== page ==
If you see your goldfish turning white, you probably have a lot of questions.

Why is it happening? Should you be worried? Is there anything you can do about it?

And we totally understand.

In fact, “why is my goldfish turning white” is probably one of the most common questions we see from owners (of all experience levels). So don’t worry, you’re not alone!

Fortunately, this guide will clear everything up. You’ll learn why this happens, how to find out the cause, and if there’s anything you can (or should) do.

Should You Be Worried?

Seeing your goldfish turn white can be alarming. But, it’s not always an immediate cause for concern.

Contrary to popular belief, most types of goldfish are not naturally gold-colored in the wild. They’re one of the first domesticated fish in history, and selective breeding has done a lot to shape the fish into what we know of today.

As a result, color changes are more common than you think. In fact, one of the most common color changes for goldfish is to turn white!

A goldfish in the later stages of turning white

That said, if your fish suddenly goes pale you can’t rule out the possibility that the cause could be a health issue. Truth is, there are a lot of reasons why this could be happening.

The key is to consider all potential causes and keep a watchful eye on your fish. From there, you can decide if you need to take action.

Potential Causes For Turning White

The possible causes for a goldfish turning white vary widely. Some are innocent enough and don’t require any immediate action whatsoever, while others can be solved with a few simple changes in the way you care for your fish.

And of course, there’s also the possibility that it could be an underlying health problem.

But hold on! Before you send yourself into a tizzy wondering why your goldfish is turning white, consider some of the potential causes to help you learn more about why a color change is happening.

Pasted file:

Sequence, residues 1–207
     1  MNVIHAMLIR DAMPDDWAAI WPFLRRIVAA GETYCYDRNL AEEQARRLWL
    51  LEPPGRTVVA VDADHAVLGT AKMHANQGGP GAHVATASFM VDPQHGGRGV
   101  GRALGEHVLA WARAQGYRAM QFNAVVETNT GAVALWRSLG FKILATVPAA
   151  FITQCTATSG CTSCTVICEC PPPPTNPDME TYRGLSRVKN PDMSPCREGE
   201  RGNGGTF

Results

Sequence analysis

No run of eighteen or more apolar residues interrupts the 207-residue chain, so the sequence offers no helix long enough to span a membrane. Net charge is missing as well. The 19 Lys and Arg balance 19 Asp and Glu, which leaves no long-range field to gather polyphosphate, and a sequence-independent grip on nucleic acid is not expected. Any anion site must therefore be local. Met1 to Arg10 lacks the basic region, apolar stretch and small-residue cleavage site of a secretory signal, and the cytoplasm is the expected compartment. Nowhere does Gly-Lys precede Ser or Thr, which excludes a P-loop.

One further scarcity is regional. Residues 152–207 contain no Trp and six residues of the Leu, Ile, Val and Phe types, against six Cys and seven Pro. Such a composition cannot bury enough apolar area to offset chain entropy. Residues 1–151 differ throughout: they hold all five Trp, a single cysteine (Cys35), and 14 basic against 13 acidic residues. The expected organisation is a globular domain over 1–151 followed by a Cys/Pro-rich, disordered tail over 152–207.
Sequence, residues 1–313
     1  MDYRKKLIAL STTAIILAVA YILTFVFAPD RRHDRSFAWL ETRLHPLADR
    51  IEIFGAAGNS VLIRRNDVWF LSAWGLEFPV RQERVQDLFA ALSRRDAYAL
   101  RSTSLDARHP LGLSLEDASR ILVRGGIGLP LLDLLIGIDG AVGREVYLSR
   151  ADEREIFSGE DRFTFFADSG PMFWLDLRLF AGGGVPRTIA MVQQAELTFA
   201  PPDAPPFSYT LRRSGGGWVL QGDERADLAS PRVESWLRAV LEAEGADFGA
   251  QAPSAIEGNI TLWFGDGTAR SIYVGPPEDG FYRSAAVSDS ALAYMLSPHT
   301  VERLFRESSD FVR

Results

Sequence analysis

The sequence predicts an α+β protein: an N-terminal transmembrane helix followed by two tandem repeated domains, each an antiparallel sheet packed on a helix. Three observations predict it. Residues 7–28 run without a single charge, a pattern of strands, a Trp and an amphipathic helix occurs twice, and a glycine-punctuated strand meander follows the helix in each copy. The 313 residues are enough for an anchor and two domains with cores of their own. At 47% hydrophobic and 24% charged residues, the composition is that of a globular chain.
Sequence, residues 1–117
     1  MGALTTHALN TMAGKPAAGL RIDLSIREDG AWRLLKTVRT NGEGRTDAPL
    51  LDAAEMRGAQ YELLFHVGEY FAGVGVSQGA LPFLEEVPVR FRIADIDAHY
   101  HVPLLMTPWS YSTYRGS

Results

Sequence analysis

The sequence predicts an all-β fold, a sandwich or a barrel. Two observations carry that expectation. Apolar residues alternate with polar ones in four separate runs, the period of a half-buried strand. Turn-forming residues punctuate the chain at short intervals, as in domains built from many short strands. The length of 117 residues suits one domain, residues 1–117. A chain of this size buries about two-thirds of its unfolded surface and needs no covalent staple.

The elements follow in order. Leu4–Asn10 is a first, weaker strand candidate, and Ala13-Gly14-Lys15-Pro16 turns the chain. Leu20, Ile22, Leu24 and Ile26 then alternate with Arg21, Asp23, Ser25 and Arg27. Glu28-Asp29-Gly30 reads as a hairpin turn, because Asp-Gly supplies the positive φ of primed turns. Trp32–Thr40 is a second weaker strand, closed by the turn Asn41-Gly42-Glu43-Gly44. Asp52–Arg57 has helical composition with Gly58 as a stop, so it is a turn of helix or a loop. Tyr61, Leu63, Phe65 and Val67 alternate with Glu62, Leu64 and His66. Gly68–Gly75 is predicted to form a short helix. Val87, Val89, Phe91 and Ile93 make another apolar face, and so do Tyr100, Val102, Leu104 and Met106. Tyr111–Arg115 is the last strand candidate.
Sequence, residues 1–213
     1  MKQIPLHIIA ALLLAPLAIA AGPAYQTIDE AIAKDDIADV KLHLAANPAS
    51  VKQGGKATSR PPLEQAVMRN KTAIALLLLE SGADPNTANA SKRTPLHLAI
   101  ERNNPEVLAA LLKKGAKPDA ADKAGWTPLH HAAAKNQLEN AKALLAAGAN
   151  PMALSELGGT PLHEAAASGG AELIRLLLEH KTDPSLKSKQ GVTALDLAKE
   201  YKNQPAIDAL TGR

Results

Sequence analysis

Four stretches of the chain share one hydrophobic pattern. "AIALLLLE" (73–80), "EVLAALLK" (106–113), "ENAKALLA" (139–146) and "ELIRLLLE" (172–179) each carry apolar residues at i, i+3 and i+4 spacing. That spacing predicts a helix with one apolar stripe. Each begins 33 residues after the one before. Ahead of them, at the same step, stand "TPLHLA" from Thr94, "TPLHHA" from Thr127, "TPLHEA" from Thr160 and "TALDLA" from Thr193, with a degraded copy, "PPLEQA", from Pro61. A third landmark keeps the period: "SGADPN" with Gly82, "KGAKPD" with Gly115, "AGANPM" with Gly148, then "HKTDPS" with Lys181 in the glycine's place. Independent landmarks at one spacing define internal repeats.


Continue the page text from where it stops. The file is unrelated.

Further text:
1. They’re Getting White With Age

The simplest answer could be that your fish is simply getting older. If you purchased your fish as a juvenile, there’s a good chance that their color will naturally morph as they transition to adulthood.

Author Note: This is pretty common with “designer” breeds like the Ryukin.

For example, many multi-colored goldfish tend to evolve a bit during their first few years of life. It’s possible with solid-colored fish, too. It really all depends on their parents!

If you have the chance to get some more information about the parent stock, do so! This will give you a better idea of what to expect as your fish ages. Of course, this isn’t always possible. As a result, your goldfish turning white might be a surprise.

There are some things you can do to determine if aging is the cause. A good method to tell if this is a natural transition is to monitor the rate of change.

Many juvenile goldfish will turn white slowly during the first couple of years of life as they grow in size. As long as the whitening didn’t happen suddenly, it’s most likely a sign of growing up.

On the opposite side of the spectrum, you might notice your fish going white as they get older. Goldfish can live quite a long time. Your average goldfish can live up to 15 years.

Some specimens tend to start to look pale as they reach their final years of life. This is normal. Think of it as a human going gray!

2. Environmental Changes In Their Tank

Another common culprit is a change in the environment. Goldfish are known for being pretty hardy and highly adaptable.

But the reality is that they’re quite sensitive to changes in their habitat.

This could include things like pH level, temperature, and even hardness. pH balance, in particular, is known to make goldfish lose their luster a bit. Use a water test kit to see how the water conditions are.

If they’re out of the comfortable range for your goldfish, make the necessary changes. Goldfish prefer neutral waters that are between 68 and 74 degrees Fahrenheit. Anything outside of this range could cause them to start turning a bit white.

Interestingly enough, goldfish can also respond to very small changes that don’t even have to do with water conditions! We’re talking about new decorations or new tank placement! These fish are quite astute and know when something is not right.

Even adding new fish into the tank can cause your goldfish to slowly turn white! There’s not much that you can do to address this change. It may take a couple of months, but your fish should get comfortable with the changes and brighten back up.

3. Lighting

Did you know that goldfish have pigment in their skin? This pigment can react to UV light in some fish. So, your goldfish could turn white due to both a lack of sunlight or too much sunlight.

In the case of too much light, fish usually respond to the dramatic change. Say, for example, that your fish is used to getting a certain amount of light each day. Maybe you have the in-tank lighting set on a timer.

Suddenly, you decide to move the aquarium to a spot next to the window with some sun exposure. That extra light may trigger the fish to turn white. The longer they are exposed the brighter they will become.